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The prevalence of multiple sclerosis in the Outer Hebrides compared with north-east Scotland and the Orkney and Shetland Islands.
  1. G Dean,
  2. J Goodall,
  3. A Downie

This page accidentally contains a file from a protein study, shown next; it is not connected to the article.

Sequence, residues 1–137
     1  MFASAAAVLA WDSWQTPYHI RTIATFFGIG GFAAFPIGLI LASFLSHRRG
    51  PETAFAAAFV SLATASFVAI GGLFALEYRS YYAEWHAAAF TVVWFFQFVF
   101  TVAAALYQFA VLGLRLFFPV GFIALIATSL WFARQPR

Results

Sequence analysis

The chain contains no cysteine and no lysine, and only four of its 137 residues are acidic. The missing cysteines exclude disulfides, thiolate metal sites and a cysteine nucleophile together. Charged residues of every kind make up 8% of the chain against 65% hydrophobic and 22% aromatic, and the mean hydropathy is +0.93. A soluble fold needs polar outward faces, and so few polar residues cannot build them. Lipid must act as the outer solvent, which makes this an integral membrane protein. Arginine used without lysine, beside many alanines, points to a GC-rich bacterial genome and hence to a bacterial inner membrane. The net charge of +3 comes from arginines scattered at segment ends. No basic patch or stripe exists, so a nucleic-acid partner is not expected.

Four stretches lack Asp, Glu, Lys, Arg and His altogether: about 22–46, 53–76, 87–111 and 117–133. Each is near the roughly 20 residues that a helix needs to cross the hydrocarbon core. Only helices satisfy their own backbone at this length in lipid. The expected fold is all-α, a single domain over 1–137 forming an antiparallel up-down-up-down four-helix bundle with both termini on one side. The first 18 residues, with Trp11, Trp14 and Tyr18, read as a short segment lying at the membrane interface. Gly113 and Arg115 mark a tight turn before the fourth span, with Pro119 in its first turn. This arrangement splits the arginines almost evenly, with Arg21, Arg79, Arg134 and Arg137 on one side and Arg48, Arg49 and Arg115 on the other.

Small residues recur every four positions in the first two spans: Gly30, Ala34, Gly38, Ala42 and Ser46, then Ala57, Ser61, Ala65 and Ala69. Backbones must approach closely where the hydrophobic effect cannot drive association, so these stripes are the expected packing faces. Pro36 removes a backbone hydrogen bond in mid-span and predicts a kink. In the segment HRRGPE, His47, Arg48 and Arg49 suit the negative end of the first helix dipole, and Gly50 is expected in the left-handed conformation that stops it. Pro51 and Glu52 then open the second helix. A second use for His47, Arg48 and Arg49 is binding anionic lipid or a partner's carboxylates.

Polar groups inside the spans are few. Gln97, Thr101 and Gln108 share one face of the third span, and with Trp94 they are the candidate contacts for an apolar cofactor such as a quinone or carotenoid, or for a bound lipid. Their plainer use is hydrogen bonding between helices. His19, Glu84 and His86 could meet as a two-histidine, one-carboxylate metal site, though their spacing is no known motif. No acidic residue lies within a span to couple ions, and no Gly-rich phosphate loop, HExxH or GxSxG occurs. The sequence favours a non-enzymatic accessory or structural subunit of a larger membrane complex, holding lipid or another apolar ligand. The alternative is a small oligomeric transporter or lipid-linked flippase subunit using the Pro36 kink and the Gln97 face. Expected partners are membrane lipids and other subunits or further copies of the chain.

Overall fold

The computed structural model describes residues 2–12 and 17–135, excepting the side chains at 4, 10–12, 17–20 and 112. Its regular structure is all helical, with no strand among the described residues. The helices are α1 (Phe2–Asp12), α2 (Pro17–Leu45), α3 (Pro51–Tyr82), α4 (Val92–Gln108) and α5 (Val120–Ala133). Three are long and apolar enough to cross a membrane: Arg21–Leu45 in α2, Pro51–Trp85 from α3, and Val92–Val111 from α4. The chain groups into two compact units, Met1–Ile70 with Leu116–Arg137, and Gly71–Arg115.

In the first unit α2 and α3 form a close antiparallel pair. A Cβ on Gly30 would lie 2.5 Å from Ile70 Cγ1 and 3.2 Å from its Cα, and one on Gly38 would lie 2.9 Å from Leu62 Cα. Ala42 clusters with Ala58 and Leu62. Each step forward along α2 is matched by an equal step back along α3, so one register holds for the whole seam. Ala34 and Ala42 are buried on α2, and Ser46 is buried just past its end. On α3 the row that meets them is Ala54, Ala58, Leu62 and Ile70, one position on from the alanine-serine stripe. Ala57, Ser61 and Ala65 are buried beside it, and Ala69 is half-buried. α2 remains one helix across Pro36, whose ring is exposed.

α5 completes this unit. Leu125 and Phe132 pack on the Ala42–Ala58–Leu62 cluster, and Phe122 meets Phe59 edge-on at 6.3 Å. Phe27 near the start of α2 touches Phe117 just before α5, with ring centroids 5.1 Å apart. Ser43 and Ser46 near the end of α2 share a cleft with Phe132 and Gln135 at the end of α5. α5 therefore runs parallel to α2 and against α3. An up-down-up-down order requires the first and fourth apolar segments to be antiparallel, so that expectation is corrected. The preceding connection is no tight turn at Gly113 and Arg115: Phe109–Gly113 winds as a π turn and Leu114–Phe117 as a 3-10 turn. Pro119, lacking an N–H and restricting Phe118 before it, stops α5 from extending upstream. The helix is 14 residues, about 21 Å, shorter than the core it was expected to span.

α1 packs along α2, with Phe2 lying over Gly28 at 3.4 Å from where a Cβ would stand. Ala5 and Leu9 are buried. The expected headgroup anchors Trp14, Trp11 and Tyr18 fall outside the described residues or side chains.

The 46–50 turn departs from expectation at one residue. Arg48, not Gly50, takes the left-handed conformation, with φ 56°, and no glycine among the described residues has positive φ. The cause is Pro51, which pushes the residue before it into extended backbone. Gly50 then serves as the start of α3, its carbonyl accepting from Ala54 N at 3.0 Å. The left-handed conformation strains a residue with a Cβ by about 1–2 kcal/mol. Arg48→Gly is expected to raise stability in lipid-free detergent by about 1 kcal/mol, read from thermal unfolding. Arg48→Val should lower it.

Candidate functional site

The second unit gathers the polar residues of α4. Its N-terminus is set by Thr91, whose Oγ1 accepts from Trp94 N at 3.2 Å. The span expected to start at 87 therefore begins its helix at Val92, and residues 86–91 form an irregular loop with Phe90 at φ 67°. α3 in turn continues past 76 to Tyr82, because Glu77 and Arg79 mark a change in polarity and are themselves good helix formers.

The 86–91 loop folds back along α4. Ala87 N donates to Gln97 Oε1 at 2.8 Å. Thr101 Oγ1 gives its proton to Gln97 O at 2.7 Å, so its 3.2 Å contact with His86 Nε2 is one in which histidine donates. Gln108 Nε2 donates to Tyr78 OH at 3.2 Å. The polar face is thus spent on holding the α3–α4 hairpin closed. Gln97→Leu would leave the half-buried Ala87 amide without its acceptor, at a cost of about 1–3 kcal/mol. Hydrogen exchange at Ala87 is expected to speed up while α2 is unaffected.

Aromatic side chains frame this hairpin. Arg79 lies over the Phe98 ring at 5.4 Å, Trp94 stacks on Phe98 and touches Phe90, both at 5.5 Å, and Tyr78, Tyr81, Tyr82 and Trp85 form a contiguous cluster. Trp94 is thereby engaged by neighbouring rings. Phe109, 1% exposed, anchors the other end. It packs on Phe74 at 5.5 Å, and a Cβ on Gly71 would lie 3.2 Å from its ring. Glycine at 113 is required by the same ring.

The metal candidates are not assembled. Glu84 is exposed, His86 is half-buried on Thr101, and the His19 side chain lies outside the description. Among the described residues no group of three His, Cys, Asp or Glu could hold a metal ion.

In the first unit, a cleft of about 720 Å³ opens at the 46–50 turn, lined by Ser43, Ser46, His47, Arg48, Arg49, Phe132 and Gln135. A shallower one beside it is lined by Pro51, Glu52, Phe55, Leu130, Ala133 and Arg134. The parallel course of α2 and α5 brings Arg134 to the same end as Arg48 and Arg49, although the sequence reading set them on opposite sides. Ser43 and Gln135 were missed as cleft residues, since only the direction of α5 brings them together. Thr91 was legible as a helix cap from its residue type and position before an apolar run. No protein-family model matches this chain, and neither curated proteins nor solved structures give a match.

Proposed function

Multiple sclerosis has been reported to have a high prevalence in the Orkney and Shetland Islands and in Caithness in comparison with the highlands of Scotland and the Outer Hebrides-the Western Isles. For this reason a survey was undertaken in the Outer Hebrides and 25 probable and 30 probable and possible patients with multiple sclerosis were found. This is an increase from eight and 11 respectively found in 1954. The present prevalence rate of 97.3 per 100 000 for probable and possible multiple sclerosis is not significantly different from that found in a recent study in the Grampian region in north-east Scotland. Repeated studies in small populations generally show increasing prevalence of multiple sclerosis because some patients are missed in the earlier studies, and over a long period of time there may also be some increase in survival time. This increase has been found in the Orkney and Shetland Islands, in north-east Scotland, and also in the Outer Hebrides.

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